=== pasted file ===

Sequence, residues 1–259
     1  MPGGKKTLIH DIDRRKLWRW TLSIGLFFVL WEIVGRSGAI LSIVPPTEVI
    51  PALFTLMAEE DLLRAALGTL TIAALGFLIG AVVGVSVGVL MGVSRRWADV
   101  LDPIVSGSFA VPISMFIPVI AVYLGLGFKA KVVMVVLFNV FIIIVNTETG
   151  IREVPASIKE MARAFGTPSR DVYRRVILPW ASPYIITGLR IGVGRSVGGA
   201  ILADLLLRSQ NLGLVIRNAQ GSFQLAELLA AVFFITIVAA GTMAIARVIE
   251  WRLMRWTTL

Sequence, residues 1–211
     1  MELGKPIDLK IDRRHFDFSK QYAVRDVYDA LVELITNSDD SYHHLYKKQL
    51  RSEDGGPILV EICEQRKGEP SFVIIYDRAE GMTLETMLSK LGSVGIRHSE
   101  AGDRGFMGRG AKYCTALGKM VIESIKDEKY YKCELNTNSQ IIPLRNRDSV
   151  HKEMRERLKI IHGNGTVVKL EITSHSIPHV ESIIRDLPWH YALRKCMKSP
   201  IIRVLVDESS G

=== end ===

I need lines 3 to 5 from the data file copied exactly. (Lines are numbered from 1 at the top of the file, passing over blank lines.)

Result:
    51  PALFTLMAEE DLLRAALGTL TIAALGFLIG AVVGVSVGVL MGVSRRWADV
   101  LDPIVSGSFA VPISMFIPVI AVYLGLGFKA KVVMVVLFNV FIIIVNTETG
   151  IREVPASIKE MARAFGTPSR DVYRRVILPW ASPYIITGLR IGVGRSVGGA